GRANT WOODS, Dept. of Mathematics, University of Manitoba, Winnipeg, MB R3T 2N2
Regular rings of functions with Tychonoff domain
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Let X denote a Tychonoff space, C(X) denote its ring of real-valued continuous functions, and bX denote X re-topologized by using its zero-sets as a base for the open sets. Then C(bX) is a (von Neumann) regular ring. Let G(X) denote the smallest regular subring of C(bX) that contains C(X). Then X is called an RG-space if G(X) = C(bX).

In this talk we discuss some recent results concerning RG-spaces. Here is a non-exhaustive sampling:

(a) Countably compact RG-spaces, and "small" pseudocompact RG-spaces, must be compact (and hence scattered and of finite Cantor-Bendixon degree).
(b) There exist almost compact spaces of Cantor-Bendixon degree 2 that are not compact.
(c) An RG-space must have a dense subspace of "very weak P-points" (i.e., points not in the closure of any countable discrete set), but there exists a countable space that is not RG but consists entirely of very weak P-points.

This talk summarizes joint research with M. Hrusak and R. Raphael.

JIN YUE, Dalhousie University, Halifax, Nova Scotia, B3H 3J5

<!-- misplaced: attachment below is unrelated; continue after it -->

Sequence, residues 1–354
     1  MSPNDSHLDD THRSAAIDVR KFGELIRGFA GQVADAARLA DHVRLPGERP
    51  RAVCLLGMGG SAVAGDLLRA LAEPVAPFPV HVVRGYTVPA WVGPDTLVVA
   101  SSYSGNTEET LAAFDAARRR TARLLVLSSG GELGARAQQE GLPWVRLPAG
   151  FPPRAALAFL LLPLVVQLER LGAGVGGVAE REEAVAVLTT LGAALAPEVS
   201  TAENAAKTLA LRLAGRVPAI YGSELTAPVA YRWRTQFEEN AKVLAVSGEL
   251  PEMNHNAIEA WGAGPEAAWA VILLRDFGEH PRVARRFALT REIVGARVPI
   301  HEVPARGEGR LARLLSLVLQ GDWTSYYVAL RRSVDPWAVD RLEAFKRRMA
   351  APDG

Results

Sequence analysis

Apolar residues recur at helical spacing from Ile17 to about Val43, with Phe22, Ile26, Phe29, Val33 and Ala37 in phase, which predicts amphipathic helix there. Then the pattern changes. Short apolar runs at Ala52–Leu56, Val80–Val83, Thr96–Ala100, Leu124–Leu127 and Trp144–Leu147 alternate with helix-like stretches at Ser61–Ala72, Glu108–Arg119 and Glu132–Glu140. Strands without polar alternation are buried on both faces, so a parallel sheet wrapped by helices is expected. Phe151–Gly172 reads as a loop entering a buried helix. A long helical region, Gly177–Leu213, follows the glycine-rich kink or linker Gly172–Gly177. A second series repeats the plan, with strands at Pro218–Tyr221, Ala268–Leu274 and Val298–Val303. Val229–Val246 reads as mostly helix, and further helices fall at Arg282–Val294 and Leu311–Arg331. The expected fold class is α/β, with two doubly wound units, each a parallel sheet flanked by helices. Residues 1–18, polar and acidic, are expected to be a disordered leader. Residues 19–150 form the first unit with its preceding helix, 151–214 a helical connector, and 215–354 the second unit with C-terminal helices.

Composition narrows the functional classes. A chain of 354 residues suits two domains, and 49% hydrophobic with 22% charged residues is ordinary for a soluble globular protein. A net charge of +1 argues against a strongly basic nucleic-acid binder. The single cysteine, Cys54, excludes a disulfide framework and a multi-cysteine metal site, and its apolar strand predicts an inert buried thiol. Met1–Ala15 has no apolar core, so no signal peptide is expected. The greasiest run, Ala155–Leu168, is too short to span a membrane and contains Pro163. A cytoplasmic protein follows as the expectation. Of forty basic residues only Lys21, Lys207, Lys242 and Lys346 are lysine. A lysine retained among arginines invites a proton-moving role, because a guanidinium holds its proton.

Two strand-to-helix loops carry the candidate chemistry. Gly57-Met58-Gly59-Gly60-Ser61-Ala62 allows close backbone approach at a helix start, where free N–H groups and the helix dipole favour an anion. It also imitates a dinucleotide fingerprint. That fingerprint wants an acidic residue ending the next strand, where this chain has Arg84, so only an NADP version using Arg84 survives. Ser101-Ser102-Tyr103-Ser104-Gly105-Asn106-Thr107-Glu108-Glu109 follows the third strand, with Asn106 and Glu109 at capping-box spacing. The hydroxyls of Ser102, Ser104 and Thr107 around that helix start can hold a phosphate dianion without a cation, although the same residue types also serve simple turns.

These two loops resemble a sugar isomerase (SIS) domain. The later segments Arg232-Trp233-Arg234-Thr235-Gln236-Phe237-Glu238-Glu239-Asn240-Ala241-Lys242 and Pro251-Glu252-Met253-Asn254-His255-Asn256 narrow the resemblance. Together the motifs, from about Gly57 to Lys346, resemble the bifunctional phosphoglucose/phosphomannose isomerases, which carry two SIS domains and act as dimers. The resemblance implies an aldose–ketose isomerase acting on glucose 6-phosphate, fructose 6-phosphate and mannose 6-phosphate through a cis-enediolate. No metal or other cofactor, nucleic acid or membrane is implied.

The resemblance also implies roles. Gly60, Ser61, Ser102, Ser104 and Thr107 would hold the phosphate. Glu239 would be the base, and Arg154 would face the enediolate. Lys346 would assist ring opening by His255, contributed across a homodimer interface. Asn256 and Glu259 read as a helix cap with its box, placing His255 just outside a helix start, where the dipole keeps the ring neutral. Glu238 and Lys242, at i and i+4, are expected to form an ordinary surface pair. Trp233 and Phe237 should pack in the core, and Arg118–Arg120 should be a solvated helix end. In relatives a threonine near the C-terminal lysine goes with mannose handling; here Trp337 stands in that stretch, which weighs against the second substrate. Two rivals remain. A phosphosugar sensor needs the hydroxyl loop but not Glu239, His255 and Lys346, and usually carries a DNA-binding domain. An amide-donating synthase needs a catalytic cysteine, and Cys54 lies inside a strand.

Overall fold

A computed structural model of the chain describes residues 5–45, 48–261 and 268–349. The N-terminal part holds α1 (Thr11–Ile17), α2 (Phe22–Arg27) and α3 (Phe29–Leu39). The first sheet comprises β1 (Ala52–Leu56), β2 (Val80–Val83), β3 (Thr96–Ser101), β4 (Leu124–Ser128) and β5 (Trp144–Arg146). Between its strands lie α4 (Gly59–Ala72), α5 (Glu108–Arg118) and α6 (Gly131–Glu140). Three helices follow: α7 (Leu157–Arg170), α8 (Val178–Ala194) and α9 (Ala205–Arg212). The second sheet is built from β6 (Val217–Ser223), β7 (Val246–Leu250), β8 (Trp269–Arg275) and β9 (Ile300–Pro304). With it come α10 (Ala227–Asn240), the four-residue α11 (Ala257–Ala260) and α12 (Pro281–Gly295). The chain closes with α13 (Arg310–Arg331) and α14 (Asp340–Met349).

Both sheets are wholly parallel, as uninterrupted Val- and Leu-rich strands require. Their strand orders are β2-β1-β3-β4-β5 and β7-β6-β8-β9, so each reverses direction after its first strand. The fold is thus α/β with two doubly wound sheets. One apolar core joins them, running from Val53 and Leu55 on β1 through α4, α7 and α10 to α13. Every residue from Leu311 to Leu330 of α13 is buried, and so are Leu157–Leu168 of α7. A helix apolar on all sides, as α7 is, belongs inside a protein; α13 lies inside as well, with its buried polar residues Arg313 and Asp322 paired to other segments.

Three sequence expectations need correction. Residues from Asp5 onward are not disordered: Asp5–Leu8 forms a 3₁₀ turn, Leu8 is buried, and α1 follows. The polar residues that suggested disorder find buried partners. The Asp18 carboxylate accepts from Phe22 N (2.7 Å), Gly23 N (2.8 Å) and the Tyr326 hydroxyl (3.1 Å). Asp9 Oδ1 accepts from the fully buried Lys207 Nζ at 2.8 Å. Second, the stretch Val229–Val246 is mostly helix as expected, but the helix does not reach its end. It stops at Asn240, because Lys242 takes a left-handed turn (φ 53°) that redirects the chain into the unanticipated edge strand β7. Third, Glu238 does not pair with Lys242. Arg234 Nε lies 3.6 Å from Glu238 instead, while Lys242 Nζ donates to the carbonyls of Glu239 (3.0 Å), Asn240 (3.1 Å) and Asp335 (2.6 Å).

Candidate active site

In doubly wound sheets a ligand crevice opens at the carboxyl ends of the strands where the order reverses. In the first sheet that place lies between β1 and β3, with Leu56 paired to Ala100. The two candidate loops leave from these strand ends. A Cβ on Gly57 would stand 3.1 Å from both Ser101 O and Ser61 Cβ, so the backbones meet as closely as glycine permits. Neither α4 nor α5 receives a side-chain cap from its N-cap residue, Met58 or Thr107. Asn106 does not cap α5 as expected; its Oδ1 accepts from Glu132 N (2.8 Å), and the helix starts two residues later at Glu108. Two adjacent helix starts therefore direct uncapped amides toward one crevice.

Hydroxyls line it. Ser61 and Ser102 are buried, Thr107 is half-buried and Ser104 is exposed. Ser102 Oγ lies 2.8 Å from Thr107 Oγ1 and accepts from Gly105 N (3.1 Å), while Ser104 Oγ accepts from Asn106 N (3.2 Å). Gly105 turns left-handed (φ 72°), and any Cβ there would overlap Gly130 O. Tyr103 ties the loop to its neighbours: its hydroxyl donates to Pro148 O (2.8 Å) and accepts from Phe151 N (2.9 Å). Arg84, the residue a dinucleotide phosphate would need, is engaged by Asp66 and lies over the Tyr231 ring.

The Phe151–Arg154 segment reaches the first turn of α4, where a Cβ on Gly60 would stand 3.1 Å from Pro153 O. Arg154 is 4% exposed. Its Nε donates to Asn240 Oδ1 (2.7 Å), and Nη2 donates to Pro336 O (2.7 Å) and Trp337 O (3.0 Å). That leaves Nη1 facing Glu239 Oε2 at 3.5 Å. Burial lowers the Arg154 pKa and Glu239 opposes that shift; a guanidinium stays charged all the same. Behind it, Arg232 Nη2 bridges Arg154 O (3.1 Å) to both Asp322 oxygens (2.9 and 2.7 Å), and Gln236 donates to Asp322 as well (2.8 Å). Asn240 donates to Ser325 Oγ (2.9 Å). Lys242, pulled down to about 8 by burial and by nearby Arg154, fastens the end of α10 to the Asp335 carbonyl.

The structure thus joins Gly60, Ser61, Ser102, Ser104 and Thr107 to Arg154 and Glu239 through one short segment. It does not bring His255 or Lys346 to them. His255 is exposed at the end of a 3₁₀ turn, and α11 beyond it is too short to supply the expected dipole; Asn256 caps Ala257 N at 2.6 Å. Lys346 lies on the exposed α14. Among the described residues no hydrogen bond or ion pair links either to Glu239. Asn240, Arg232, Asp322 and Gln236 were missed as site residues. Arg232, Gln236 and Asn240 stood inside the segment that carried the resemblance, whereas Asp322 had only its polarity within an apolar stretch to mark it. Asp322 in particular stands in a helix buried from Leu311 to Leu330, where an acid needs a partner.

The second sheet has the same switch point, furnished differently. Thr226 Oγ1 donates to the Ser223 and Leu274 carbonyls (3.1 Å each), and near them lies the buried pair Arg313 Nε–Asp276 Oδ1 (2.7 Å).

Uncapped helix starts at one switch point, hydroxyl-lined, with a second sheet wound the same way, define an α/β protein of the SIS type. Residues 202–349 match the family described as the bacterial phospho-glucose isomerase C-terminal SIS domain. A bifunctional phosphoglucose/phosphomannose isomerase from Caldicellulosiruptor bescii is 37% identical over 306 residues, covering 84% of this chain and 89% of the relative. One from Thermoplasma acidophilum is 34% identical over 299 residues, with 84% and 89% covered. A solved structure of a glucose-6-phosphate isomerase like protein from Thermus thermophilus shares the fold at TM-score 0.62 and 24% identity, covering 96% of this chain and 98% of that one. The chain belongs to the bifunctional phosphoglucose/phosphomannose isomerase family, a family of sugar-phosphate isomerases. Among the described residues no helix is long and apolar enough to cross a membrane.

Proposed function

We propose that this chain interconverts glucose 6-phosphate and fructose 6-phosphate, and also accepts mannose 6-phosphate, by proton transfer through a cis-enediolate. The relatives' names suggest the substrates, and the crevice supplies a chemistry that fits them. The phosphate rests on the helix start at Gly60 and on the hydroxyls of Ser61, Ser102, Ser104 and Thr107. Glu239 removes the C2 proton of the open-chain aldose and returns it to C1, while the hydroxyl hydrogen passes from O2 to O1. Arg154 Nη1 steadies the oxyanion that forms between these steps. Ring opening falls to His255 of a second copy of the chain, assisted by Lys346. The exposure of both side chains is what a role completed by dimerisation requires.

A moving frames technique and the invariant theory of Killing tensors
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In this talk I will discuss an application of the inductive version of the moving frames method due to Irina Kogan to the invariant theory of Killing tensors. The method is successfully employed to solve the problem of the determination of isometry group invariants (covariants) of Killing tensors of arbitrary valence defined in the Minkowski plane.

This is joint work with Roman Smirnov.

QIJI ZHU, Western Michigan University
Helly's Intersection Theorem on Manifolds of Nonpositive Curvature
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We give a generalization of the classical Helly's theorem on intersection of convex sets in RN for the case of manifolds of nonpositive curvature. In particular, we show that if any N+1 sets from a family of closed convex sets on N-dimensional Cartan-Hadamard manifold contain a common point, and at least one of set is compact then all sets from this family contain a common point. Our proof use a variational argument. In RN this proof is rather straightforward yet it seems new to us. The generalization to manifolds of nonpositive curvature relies on tools for nonsmooth analysis on smooth manifolds that we developed recently.

This is joint research with Yuri Ledyaev and Jay Treiman.